Jun 172021
 
 June 17, 2021  Posted by  Breaches, Non-U.S.

Charles Mabbett writes:

In recent weeks, the Office of the Privacy Commissioner has been contacting individual organisations about specific privacy breaches that have been raised with us. We’re taking a more proactive approach to remind and warn individual organisations of their statutory responsibilities under the Privacy Act 2020.

There is, in particular, the requirement that organisations notify the Privacy Commissioner of a serious privacy breach. This would include a ransomware attack when personal information is either accessed, stolen, or rendered inaccessible. Section 114 of the Privacy Act 2020 says an organisation must notify the Commissioner as soon as practicable after it becomes aware that a notifiable privacy breach has occurred. Although the Act is silent on precise timing, we have determined that, unless there are extenuating circumstances, this should be within 72 hours.

If an organisation fails to do so, we can consider prosecuting a case against it. If convicted, it would have committed an offence under section 118 of the Act, making it liable for a fine of up to $10,000.

The remainder of the post describes three cases where the OPC took such proactive steps. The organizations are not named, but the cases are illustrative.  This blogger noted, in particular, that although NZ law doesn’t specify an exact deadline for notifying the regulator of a notifiable privacy breach, the office interprets it as within 72 hours.  In Case C in the remainder of the post, they write:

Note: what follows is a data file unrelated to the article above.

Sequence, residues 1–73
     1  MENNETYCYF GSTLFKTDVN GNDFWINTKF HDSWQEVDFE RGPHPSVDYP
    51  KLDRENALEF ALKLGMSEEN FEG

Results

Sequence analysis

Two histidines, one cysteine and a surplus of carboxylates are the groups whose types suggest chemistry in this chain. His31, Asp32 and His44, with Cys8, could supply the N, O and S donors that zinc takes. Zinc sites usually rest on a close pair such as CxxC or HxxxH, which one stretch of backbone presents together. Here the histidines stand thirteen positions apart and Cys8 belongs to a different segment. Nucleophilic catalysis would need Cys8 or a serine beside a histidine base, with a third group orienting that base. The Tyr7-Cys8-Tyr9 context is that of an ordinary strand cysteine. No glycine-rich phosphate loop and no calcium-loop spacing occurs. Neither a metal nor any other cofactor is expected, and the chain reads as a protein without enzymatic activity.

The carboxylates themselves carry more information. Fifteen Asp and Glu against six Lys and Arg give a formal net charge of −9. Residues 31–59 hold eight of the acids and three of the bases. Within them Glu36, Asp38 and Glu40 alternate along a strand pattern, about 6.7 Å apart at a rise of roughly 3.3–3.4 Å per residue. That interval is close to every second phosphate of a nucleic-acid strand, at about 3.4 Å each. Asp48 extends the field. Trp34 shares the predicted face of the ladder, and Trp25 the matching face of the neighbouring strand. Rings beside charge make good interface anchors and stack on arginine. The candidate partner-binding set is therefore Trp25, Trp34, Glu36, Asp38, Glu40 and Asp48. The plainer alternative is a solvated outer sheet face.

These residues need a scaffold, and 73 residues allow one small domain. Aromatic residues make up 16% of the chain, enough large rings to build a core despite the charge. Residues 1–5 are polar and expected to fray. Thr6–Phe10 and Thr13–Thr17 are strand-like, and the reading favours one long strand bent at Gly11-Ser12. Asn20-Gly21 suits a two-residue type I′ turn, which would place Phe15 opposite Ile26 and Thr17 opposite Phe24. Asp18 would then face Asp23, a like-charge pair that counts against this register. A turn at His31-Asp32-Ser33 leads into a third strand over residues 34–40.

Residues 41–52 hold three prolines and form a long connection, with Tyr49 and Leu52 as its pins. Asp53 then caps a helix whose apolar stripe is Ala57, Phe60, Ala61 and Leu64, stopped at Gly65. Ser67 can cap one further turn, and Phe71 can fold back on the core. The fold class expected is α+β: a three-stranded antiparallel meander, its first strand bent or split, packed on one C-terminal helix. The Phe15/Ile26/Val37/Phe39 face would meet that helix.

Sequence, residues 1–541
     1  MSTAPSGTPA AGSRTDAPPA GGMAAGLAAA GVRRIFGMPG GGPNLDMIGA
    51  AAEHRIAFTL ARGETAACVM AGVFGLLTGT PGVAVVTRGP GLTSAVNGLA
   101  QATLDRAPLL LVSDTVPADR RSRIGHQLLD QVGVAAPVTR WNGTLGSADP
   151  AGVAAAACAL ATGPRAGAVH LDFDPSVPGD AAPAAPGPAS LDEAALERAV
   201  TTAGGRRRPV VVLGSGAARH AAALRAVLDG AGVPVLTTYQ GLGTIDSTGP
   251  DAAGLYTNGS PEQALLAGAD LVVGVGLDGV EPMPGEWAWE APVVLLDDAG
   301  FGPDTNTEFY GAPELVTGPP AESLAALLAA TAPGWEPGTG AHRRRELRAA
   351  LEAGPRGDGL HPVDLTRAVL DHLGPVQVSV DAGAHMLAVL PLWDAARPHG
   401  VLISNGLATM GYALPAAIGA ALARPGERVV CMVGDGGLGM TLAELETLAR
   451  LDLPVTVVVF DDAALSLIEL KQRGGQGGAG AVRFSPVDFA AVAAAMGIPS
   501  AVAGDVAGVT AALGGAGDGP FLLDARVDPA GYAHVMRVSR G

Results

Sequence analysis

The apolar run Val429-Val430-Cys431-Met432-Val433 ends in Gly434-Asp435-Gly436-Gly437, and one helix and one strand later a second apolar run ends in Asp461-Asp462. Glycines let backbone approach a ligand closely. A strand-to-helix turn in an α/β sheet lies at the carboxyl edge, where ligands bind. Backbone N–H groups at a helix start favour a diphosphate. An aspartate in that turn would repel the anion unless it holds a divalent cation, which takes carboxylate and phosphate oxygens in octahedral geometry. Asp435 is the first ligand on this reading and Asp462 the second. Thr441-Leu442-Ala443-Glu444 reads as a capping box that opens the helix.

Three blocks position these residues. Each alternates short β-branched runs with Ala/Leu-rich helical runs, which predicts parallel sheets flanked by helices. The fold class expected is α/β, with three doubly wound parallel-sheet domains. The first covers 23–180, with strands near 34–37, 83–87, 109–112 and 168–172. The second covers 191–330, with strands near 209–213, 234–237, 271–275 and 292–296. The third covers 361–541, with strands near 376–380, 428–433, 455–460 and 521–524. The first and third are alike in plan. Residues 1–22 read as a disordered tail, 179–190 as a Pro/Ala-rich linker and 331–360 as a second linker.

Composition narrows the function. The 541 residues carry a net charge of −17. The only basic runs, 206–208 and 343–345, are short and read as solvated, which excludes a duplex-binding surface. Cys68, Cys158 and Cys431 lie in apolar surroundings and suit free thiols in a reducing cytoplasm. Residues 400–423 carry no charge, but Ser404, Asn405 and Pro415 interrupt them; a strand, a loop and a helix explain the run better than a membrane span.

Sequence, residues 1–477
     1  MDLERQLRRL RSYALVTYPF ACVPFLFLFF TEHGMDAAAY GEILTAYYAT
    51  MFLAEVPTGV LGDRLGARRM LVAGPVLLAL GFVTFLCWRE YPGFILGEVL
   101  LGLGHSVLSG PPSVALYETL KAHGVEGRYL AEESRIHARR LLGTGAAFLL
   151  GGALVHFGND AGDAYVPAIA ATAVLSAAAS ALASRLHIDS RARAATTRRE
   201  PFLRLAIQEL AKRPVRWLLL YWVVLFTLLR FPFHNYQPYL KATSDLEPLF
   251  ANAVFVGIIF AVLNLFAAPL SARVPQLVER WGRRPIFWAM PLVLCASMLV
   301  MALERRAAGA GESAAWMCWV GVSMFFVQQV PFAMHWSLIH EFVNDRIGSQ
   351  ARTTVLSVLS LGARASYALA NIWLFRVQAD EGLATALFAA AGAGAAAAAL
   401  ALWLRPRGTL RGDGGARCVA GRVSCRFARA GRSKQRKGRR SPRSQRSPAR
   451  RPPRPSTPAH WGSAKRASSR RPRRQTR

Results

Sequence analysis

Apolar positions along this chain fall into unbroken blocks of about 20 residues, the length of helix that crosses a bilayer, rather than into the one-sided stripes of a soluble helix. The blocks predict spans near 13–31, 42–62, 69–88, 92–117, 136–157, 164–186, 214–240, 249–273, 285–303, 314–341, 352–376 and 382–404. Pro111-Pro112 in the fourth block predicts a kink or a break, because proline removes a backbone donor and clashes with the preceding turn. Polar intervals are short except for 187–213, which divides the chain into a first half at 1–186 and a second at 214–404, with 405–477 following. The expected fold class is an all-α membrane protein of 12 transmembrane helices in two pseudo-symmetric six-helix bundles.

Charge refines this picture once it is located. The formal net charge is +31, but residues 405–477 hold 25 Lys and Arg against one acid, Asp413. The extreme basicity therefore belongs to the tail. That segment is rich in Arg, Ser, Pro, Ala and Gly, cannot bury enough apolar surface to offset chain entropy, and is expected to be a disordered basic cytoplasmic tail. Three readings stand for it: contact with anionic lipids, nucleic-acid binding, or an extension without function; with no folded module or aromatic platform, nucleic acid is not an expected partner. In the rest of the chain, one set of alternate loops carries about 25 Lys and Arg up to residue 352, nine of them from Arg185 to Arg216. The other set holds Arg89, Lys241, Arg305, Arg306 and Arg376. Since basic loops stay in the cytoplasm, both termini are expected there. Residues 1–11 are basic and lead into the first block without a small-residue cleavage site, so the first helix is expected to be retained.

Organisation C notified our Office two months after it identified a serious privacy breach had occurred. Upon our request, the organisation gave us a copy of its policy regarding privacy breach management for our review.

The policy said the organisation should notify our Office as soon as practicable. It also set out what kind of information should be given to us.

We advised the organisation it should have reported the breach to our Office at the same time as it tried to rectify the breach. It was unnecessary to wait until all steps had been taken to resolve the matter before notifying us.

We informed the organisation we did not intend to prosecute. This could change if we identified similar non-compliance in the future.

While many organizations would prefer to get incident response further along so that they can notify a regulator and present what positive steps they have already taken, including steps to prevent a recurrence,  the OPC’s comments make it clear that entities in NZ should not wait and should notify promptly absent some really good justification.

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